The Online Basecamp

Never underestimate your website.

Cover photo: @jerrysilfwer

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Every brand needs to pri­or­it­ise its online basecamp.

This post will dis­cuss why your organ­isa­tion might bene­fit from shift­ing its focus away from social media and onto the brand’s website.

  • Many organ­isa­tions over­es­tim­ate their social media impact and under­es­tim­ate their web­site’s efficiency.

Here we go:

The Online Basecamp

I’ve been devis­ing pro­fes­sion­al brand strategies for over a dec­ade and am in awe of social medi­a’s power. It’s a cul­tur­al melt­ing pot of ideas and expres­sions on a glob­al scale.

But as PR pro­fes­sion­als, we’d be wise to remem­ber that social media is a mass phe­nomen­on. Few brands enjoy the suc­cess often asso­ci­ated with influ­en­cers.

In the cor­por­ate uni­verse, it’s digit­al-first.
Not neces­sar­ily social media first.

A brand’s web­site — its online base­camp — is often under­used, under­es­tim­ated, and under­ap­pre­ci­ated.

But it shouldn’t have to be that way.

Rethinking Social Media

Social media has been a pri­or­ity for many organ­isa­tions for many years. But digit­al-first is more than just social media. And, let’s face it: social media doesn’t work for all organ­isa­tions alike.

A brand’s web­site should be its online base­camp, a place for like-minded people to brain­storm, test ideas, put up your roadmaps, and review logs.

But web­site pub­lish­ing is seen as boring.

Social media, on the oth­er hand, keeps us on our toes. Networks like YouTube, TikTok, Twitch, Facebook, Twitter, Reddit, Instagram, LinkedIn, and Snapchat keep us on our toes, and they have a knack for dom­in­at­ing our newsfeeds.

But the truth is that very few brands do well in social media.

Social Media PR Challenges

Social media pub­lish­ing for brands comes with sig­ni­fic­ant PR drawbacks:

  • Lack of con­trol. Brands often have little to no con­trol over the brand exper­i­ence in social media. Engaging with a brand on a social net­work like Facebook will mean that Facebook pre­scribes the exper­i­ence. If your cor­por­ate mes­sage doesn’t fit with Facebook’s brand exper­i­ence, then you must change your message.
  • Indirect busi­ness rela­tion­ships. Social media typ­ic­ally offers only indir­ect busi­ness rela­tion­ships with the audi­ence. While a brand can bene­fit from cul­tiv­at­ing a social brand audi­ence, the social net­work will bene­fit more at no risk. Social net­works are “rigged” like most forms of organ­ised gambling — the house always wins.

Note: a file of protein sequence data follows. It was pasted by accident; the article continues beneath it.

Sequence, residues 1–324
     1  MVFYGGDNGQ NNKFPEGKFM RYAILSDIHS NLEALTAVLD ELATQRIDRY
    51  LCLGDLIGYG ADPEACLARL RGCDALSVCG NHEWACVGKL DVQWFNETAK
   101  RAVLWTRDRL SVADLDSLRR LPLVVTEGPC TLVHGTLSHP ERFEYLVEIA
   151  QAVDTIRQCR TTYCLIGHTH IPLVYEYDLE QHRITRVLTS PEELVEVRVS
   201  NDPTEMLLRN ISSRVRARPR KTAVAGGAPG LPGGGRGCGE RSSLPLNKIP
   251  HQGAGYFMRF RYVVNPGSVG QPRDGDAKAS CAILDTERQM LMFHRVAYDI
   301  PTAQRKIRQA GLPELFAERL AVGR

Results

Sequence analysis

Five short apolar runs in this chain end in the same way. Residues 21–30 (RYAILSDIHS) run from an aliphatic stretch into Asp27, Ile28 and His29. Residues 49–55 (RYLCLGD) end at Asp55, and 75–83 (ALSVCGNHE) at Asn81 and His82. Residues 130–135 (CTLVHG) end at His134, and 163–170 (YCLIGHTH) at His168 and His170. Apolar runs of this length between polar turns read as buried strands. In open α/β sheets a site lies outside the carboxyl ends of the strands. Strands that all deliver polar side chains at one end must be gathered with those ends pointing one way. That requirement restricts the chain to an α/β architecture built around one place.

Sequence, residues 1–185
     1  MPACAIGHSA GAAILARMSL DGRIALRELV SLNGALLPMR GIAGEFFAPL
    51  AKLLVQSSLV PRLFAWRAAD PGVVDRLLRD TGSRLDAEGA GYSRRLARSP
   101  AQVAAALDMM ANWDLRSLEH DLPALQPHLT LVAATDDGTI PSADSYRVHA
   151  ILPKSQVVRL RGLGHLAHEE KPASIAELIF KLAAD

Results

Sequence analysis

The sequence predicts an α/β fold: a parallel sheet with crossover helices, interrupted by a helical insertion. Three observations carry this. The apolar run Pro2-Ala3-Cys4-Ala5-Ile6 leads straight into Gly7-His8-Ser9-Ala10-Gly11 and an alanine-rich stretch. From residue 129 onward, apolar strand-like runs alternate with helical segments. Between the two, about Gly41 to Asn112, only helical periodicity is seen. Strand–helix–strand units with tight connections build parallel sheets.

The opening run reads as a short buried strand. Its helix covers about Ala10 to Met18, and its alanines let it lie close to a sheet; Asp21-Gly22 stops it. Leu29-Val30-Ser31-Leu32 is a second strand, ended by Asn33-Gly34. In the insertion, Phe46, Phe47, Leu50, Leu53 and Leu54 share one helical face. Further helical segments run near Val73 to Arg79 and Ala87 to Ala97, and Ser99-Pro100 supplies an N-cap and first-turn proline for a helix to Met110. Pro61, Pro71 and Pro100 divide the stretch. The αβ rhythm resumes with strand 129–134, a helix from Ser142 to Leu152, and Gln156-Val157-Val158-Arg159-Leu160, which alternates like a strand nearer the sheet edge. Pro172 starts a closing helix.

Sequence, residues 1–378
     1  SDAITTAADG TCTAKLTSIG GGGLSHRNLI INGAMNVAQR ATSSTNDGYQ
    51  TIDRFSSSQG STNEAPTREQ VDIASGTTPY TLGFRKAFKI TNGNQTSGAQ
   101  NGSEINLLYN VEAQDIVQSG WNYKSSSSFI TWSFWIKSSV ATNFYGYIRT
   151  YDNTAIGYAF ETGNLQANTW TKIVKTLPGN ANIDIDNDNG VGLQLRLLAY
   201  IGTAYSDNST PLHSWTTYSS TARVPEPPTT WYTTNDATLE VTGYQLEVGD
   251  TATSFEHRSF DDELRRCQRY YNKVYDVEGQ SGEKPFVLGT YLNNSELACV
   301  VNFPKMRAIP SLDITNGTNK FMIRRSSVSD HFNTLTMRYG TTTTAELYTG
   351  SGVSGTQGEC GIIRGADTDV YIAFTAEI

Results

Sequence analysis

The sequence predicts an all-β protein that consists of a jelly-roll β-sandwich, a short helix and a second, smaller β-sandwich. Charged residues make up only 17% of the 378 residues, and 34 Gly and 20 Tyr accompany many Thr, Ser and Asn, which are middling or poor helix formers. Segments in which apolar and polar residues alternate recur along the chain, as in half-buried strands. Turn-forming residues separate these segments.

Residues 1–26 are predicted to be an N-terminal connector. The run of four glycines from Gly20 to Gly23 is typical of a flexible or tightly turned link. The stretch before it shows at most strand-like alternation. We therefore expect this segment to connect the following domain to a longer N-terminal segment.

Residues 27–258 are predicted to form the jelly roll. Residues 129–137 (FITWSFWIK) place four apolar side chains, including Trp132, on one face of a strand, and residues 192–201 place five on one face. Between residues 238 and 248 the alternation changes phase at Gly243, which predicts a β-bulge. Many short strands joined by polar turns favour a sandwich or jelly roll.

• The rules are con­stantly chan­ging. Whatever the social net­work decides, wheth­er to remove or pro­mote cer­tain types of con­tent or make changes to your vis­ib­il­ity, the web will push brands to cre­ate whatever the net­work needs — instead of the con­tent a spe­cif­ic brand audi­ence wants.
  • People are inter­ested in people. Few brands can com­pete in social media com­pared to influ­en­cers. This is mainly because people prefer to inter­act with oth­er people. It’s not for noth­ing that we call this space social media. While a brand can be social, it’s not easy for it to come across like a real person.

List of Social Media Issues

Social media issues.
Social media issues.
Spin Academy | Online PR Courses

List of Social Media Issues

Social media isn’t just sun­shine and rain­bows. With massive change come new social media issues we must deal with.

Here are a few examples of social media issues:

Read also: Social Media: The Good, The Bad, The Ugly

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Seeking a Pragmatic Approach

If social media mar­ket­ing works for you, that’s great.

However, social media mar­ket­ing doesn’t work for lots of brands. They could prob­ably do much bet­ter if they shif­ted their focus away from social media and dir­ec­ted those resources to their website.

Because com­plain­ing about social media won’t give you results.

Neither search engines nor social net­works are known to give in to user demands; either you play by the social net­work’s rules or don’t play at all.

Of course, any brand can lever­age the full power of social media. But too many brands can­not suc­ceed at once. Even if many more brands did great on social media, there wouldn’t be enough human atten­tion.

Pragmatism is crit­ic­al for brands. We must lever­age all dif­fer­ent media chan­nels so that they a) make busi­ness sense and b) work in tan­dem with spe­cif­ic formats.

PR Must Rethink Website Publishing

I star­ted blog­ging before it was cool, and I kept blog­ging well past the hype days — and I’m still at it. I wouldn’t trade hav­ing a fully con­trolled online pres­ence for any­thing. And neither should you.

Website pub­lish­ing extends well bey­ond what we typ­ic­ally think of as blog­ging.

Because here’s the thing: